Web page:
Every co-op and condo association has its own house rules—rules and regulations (hopefully) based on common sense and aimed at protecting residents' safety and quality of life without undue disruption or inconvenience.
Most unit owners would not argue with rules prohibiting “floor hockey” matches in the building’s hallways, nor would most boards try to enforce archaic rules such as “Milk bottles may not be placed in the lobby or front stoop.” However, there are times when rules and regulations that once made sense have become antiquated, irrelevant, and in need of change. There are other times when an overzealous board will attempt to institute a new rule of questionable need or legal means of enforcement. And implementing and enforcing such rules may invite unwanted litigation as well. Our experts have laid out a few ‘rules and regulations’ of their own about the key to writing and enforcing good house rules for your co-op or condo building.
Law & Order
Stacey R. Patterson, an attorney with Stark & Stark in Manhattan, which represents co-ops, condos and HOAs, says, “The first thing that people have to understand is that when you are buying in to a condo or a co-op you’re not 'the master’ of your domain.” Even in the case of new construction most of the rules are already in place. A basic set of bylaws and rules which can later be amended if necessary are included in the initial offering plan before the units are filled or a board is elected. According to Patterson, in the case of a condo, the unit owner “technically only owns the inside four walls of their unit and has a proportionate interest in everything that is common. In order to live harmoniously there has to be rules. That's why they have boards. One of their main goals is to maintain that harmony.” Patterson also advises board members to remember that for better or for worse associations are “to be run as a democracy. Board members are elected to represent the association as a whole. They are in fact ‘the voice of the people.’ Any actions they take need to be in the best interests of the association.”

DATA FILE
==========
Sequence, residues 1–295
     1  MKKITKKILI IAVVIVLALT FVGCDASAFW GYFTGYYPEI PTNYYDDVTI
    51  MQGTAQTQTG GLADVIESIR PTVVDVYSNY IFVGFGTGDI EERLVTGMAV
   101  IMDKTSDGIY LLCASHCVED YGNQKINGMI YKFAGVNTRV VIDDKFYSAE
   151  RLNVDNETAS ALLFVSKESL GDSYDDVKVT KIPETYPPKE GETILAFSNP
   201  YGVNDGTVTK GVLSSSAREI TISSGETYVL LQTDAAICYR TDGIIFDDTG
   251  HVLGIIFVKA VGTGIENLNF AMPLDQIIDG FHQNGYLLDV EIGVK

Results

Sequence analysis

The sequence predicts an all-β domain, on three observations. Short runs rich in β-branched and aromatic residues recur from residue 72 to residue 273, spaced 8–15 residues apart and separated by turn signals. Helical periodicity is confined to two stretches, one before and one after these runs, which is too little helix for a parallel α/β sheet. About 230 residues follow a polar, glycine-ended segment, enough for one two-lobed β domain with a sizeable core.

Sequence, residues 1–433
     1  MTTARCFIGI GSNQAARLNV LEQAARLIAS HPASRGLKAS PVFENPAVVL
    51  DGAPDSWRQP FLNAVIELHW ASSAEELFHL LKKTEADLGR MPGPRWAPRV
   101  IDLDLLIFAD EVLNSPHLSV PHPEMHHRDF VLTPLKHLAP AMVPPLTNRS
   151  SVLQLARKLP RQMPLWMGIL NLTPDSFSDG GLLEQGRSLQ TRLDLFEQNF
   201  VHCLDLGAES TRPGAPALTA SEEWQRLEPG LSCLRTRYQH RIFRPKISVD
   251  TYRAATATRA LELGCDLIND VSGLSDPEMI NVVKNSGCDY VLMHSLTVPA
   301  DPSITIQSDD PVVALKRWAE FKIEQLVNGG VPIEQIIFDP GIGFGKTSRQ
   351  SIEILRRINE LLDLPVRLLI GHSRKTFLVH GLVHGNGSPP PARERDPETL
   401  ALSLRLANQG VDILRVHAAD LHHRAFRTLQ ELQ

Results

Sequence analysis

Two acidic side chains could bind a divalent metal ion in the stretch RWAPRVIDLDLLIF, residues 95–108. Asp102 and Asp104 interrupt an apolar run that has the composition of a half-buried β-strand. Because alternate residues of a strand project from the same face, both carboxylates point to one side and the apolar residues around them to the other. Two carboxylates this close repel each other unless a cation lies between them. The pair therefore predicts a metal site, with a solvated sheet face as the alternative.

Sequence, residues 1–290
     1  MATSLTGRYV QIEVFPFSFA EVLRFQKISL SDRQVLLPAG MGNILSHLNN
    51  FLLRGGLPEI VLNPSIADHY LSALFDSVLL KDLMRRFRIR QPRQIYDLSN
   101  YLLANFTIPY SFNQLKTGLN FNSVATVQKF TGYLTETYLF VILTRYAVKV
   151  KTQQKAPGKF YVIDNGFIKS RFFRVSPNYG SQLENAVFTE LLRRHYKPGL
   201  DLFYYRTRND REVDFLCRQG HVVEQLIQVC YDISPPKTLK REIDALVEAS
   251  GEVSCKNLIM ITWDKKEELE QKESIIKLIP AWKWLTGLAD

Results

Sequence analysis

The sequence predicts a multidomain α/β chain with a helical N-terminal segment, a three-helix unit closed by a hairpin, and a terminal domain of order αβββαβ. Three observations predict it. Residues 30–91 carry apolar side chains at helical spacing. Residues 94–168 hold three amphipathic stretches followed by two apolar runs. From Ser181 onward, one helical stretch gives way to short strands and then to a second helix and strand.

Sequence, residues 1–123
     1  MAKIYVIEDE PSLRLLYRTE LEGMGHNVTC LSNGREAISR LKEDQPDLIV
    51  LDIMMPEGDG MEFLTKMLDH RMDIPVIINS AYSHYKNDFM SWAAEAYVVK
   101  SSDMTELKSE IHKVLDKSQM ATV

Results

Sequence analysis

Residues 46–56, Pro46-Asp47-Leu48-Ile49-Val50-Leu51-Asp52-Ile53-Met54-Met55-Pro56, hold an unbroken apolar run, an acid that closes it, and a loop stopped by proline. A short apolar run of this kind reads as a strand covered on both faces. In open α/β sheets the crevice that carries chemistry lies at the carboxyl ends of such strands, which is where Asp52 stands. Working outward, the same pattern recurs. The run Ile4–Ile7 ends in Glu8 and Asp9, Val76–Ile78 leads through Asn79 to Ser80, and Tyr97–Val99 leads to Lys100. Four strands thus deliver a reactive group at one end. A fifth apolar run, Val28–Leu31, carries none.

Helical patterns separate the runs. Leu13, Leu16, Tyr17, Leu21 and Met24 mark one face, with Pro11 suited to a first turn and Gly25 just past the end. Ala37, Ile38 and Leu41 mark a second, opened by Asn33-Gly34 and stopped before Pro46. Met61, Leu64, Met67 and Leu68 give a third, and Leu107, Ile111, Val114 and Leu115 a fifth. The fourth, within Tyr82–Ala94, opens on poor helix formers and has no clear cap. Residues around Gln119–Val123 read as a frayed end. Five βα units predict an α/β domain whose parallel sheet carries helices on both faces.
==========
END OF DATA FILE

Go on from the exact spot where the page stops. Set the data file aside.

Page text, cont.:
Good Rule/Bad Rule
Most governing documents (the proprietary lease and bylaws for co-ops and the declaration of covenants, conditions and restrictions (CC&R) and bylaws for condo associations) will contain a statement that the board has the power to implement or change the house rules in any way it sees fit without the consent of the owners. But, reminds Patterson, “You cannot make up an arbitrary rule and expect to enforce it.”
Leonard Ritz, an attorney with the law firm of Adam Leitman Bailey, P.C. in New York City, agrees, “Fairness is the key. Rules need to make sense for the building. And they need to be uniformly applied. If a board finds that it continually needs to make exceptions to a rule, then it is likely a bad rule.”